Court Upholds Logging Ban To Protect Spotted Owl
SAN FRANCISCO (AP) _ A federal appeals court upheld a ban on logging in the national forests of California, Oregon and Washington to protect an endangered species living there - the northern spotted owl.
The three-state ban, imposed in May by U.S. District Judge William Dwyer and upheld Monday by the 9th U.S. Circuit Court of Appeals, forbids the sale of timber from 17 forests.
A lawyer for woodworkers and logging companies said the injunction was devastating to the timber industry in the Pacific Northwest.
The Bush administration argued that the Endangered Species Act was the only law applying to the owl, classified as a threatened species in June 1990.
The requirement that the Forest Service prepare a plan by March 5 to maintain the owl as a viable species is contained in a different law, called the National Forest Management Act.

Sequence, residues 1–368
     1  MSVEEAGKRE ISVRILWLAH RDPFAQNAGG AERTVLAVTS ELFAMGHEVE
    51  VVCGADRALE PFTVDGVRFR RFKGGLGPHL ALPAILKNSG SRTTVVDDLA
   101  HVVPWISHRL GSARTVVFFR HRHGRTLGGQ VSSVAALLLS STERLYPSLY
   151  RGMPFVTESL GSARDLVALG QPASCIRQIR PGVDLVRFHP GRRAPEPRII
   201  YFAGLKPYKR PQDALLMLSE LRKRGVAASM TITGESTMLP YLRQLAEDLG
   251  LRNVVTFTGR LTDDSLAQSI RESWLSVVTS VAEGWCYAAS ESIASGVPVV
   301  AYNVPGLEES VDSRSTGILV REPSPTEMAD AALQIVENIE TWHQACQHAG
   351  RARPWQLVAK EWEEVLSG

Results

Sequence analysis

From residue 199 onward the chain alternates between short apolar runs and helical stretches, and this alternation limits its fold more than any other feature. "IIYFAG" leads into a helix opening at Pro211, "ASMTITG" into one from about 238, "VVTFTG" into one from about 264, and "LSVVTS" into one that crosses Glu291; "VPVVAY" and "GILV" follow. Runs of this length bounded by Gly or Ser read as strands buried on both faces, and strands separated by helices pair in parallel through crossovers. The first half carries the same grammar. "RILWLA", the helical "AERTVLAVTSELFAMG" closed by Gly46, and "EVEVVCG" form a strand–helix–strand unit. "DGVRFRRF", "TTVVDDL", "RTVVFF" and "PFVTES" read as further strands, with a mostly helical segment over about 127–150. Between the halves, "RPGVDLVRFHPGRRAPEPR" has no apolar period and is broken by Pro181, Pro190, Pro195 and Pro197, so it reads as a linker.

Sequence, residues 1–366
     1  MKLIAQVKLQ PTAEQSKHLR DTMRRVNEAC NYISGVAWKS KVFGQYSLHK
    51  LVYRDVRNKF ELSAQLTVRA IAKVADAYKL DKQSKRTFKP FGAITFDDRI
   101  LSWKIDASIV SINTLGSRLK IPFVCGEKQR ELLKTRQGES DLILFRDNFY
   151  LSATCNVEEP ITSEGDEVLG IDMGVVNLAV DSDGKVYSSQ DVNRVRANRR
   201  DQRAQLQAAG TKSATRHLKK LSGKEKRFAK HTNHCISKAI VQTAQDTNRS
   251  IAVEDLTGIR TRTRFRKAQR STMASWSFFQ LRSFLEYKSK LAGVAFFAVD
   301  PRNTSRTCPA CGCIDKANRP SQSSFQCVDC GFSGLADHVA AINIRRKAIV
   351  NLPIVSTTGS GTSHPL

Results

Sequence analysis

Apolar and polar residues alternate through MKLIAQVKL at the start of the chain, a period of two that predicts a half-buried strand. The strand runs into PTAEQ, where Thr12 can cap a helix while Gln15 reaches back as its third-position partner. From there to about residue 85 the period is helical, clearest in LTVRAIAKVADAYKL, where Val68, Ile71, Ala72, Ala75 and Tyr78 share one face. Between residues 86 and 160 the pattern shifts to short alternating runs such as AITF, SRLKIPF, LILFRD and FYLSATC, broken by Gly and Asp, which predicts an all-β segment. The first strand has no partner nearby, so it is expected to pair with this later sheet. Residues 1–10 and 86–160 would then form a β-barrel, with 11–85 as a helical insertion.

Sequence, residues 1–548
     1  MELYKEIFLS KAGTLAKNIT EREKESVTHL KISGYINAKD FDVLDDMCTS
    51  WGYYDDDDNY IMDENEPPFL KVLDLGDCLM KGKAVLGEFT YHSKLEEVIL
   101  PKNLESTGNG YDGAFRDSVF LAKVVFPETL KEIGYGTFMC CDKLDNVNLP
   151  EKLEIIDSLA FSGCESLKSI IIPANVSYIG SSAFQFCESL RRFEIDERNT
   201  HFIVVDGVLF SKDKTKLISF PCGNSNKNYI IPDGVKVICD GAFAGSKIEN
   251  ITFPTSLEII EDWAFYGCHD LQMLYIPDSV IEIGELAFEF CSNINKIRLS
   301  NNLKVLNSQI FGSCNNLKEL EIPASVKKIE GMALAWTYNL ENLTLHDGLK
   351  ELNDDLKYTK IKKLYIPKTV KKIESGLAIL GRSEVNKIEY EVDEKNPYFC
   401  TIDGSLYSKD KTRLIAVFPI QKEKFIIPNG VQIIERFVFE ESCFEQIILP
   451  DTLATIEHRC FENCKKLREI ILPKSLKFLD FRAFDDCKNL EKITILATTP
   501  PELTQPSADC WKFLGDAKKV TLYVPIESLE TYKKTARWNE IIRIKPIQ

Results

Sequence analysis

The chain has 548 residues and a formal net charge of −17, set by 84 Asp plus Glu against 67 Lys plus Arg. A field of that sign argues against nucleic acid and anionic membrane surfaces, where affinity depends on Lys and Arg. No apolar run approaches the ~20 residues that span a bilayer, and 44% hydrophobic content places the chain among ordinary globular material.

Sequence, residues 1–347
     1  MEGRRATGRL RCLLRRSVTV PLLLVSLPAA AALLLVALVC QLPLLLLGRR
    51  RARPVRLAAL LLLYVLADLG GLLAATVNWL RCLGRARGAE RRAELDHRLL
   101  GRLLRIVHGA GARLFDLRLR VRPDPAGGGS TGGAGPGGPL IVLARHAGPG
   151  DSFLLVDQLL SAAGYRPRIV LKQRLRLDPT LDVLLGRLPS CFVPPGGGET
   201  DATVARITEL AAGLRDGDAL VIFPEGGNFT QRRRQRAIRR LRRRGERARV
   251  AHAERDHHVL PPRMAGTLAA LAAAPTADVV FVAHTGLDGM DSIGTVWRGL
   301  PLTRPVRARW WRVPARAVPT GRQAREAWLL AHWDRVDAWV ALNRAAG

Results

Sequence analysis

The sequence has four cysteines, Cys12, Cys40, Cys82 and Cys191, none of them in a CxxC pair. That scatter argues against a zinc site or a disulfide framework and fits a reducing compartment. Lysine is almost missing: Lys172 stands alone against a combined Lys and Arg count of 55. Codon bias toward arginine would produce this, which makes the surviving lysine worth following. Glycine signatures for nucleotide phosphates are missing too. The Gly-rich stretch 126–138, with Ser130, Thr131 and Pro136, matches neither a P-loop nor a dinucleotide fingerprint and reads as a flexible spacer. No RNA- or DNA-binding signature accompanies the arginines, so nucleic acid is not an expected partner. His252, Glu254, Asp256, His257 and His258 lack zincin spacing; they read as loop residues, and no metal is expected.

That act still applies, despite the owl’s classification, the appeals panel declared in a 3-0 ruling.
The plan must go further than simply preventing the bird’s extinction - it must maintain the bird as a viable species, the court said. Judge Mary Schroeder upbraided the Forest Service for a ″systematic refusal to follow the law in the past.″
Environmental groups could sue the U.S. Bureau of Land Management for allegedly failing to fully analyze the danger to the owl from logging on BLM lands, Schroeder wrote.
″It’s another significant victory for the spotted owl in the face of continued violations of the law by federal agencies,″ said Victor Sher of the Sierra Club Legal Defense Fund. He represented Washington and Oregon environmental groups in the case.
Mark Rutzick, a lawyer for logging companies and woodworkers, said the injunction that the court upheld was ″devastating the timber industry in Oregon and Washington.″
″It’s shut off Forest Service timber sales completely,″ he said. ″Mills are closing on a regular basis because they don’t have timber to process.″
Rutzick said his clients would review the decision for a possible appeal to the U.S. Supreme Court. The high court is already considering the validity of a law that was aimed at blocking legal challenges to individual timber sales in the Pacific Northwest.
The U.S. Fish and Wildlife Service said excessive logging threatened the survival of the remaining 3,000 pairs of northern spotted owls in the forests.